Feeling fatigued? Poor memory and concentration? Cold hands and feet? Weight gain? Struggling to conceive? These are common symptoms of hypothyroidism or subclinical hypothyroidism. Commonly, a doctor will request a TSH (thyroid stimulating hormone) test. If that is within the normal range of 0.4 - 4.00 mU/L, you are usually told there is nothing wrong.
So why is it that when you go to see your naturopath or nutritionist, you are told a different story?
Put simply, we are looking at the test in a different way than your GP. A doctor is looking at the blood test result from a disease perspective and will write a prescription if the result warrants it. If you are diagnosed with hypothyroidism (your TSH is higher than 4 mU/L and your T4 and/or T3 is low), thyroxine is usually prescribed. A naturopath looks at it from a preventative health perspective. Reversing it before
it becomes a disease. If there is one thing I love about naturopathy and herbal medicine, it is the ability to provide a solution to a person's symptoms before they become so severe that medication is required. Often a change in diet and lifestyle and supplementation can produce profound changes in the path of a person's health and wellbeing. If thyroxine is prescribed, that person will have to take medication for the rest of their life. An optimal TSH level is between 1.0-2.5 mU/L and optimal T4 is higher than 14 pmol/L. You may have a sluggish thyroid if your TSH is higher than 2.5 mU/L and T4 and/or T3 is low.
T4 and T3, Thyroid Hormones
When the level of T4 drops (usually due to a lack of iodine in the diet) then the pituitary gland pumps out higher levels of TSH to produce more T4. T4 converts to T3 and T3 is the more “active” hormone in the body. If there is a deficiency of zinc and/or selenium, T4 doesn’t convert efficiently and there may be a decline in T3 levels. Foods high in iodine include eggs, seafood, iodised salt and Himalayan crystal salt. Oysters and brazil nuts are high in zinc and selenium respectively. A naturopathic prescription includes iodine, zinc and selenium as part of a multivitamin.
Controlling stress is important as high cortisol levels interfere with optimal thyroid function
I love the herb withania, otherwise known as ashwaghanda. Withania should be taken at night after dinner as it may cause drowsiness. It is excellent for thyroid support as it supports T4 levels. It is renowned by medical herbalists for being the best herb to reduce cortisol levels. and helps reduce the effects of stress and anxiety on the body. Herbs to support energy levels may be taken during the day and it is best to work with a fully qualified medical herbalist to determine which herbs are appropriate for you. An active lifestyle is another important factor in healthy thyroid function. Exercise helps increase the thyroid hormones T4 and T3 and decreases TSH as shown in this study.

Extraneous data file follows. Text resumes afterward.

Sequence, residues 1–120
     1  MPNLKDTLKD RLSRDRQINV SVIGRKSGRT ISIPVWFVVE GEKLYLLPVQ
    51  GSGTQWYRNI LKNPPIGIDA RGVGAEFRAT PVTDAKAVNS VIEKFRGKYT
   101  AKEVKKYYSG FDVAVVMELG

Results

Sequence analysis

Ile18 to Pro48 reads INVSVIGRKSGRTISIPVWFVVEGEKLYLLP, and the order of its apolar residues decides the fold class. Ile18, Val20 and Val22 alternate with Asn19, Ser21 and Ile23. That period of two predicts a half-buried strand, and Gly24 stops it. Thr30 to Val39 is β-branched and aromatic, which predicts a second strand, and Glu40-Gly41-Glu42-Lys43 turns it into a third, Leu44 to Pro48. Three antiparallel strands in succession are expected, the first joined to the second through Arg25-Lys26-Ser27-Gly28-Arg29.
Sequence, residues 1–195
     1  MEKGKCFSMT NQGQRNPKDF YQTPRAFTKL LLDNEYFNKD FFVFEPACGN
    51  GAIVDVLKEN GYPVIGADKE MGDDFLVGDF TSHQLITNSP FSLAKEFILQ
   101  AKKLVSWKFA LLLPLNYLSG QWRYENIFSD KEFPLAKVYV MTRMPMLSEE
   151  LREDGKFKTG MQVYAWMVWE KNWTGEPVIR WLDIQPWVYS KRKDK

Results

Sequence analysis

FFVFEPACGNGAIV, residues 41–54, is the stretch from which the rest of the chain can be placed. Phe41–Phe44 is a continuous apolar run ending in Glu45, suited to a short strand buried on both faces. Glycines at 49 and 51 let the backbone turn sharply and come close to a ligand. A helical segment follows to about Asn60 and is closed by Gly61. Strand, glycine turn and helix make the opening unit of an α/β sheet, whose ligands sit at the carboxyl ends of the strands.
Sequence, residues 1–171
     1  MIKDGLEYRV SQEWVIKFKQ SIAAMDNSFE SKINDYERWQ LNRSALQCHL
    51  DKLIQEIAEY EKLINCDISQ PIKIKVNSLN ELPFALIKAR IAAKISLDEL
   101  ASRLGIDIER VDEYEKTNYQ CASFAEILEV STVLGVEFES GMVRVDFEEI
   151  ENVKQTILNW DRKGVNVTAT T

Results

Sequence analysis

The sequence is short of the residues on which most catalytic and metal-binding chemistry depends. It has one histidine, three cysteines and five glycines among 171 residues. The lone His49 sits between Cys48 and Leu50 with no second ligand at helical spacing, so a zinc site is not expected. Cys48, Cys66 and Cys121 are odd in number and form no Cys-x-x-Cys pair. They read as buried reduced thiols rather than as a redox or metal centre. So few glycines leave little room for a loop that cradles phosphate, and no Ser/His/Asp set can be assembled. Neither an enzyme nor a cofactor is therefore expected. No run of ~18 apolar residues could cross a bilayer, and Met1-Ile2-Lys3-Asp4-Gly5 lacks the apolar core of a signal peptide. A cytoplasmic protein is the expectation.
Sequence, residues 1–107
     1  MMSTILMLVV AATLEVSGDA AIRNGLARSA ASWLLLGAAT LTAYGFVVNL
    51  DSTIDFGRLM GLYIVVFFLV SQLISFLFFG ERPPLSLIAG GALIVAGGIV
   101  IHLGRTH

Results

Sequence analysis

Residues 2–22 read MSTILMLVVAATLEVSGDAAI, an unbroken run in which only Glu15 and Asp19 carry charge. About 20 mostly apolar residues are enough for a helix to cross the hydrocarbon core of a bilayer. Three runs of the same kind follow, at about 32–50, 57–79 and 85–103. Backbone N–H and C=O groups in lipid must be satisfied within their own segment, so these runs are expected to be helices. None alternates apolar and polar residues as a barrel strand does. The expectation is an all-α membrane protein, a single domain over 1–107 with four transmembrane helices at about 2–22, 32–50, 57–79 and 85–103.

A subsequent test (TSH, T4 and T3) is performed 6-8 weeks later if the patient hasn't responded well to this simple protocol. Further investigations include a thyroid antibodies test. If thyroid antibodies are high it indicates the person has Hashimoto’s Disease. Hashimoto's is an autoimmune condition in which immune cells attack the thyroid. This causes inflammation and eventual destruction of the gland. Unfortunately, there is no medication to treat Hashimoto’s other than thyroxine. I like to prescribe a high-quality echinacea supplement to help keep thyroid antibodies under control.
Bovine thyroid extracts
A randomised controlled trial
showed patients preferred dessicated thyroid extract to thyroxine and found it contributed to more weight loss. Although these are not available over the counter in Australia, they may be purchased online from the U.S.
Although hypothyroidism is more common, sometimes women suffer from hyperthyroidism. Symptoms associated with this condition include rapid heartbeat, insomnia and weight loss. If a woman’s TSH is lower than 1, her T4 or T3 is high and she has symptoms of an overactive thyroid, I have found that herbal treatment can successfully reverse this condition before it gets to the stage where medication is needed. Some herbs I have used in clinic for hyperthyroidism include lemon balm and bugleweed. Soy milk in the diet is beneficial as this is known to interfere with thyroid function. Of course, if a person has an underactive thyroid (hypothyroidism), then they should avoid
soy milk, lemon balm and bugleweed. Lemon balm is commonly used in herbal formula’s for sleep and anxiety so check your herbal teas or herbal sleep medication and avoid taking this if you have a sluggish thyroid. According to the Blood Type Diet
, O blood types are more likely to suffer from an underactive thyroid. Interestingly, O blood types should avoid grains and dairy, the two foods a naturopath would cut out of a diet for someone suffering from hypothyroidism. I would love to see more research in this area and in the connection of blood types with disease in general.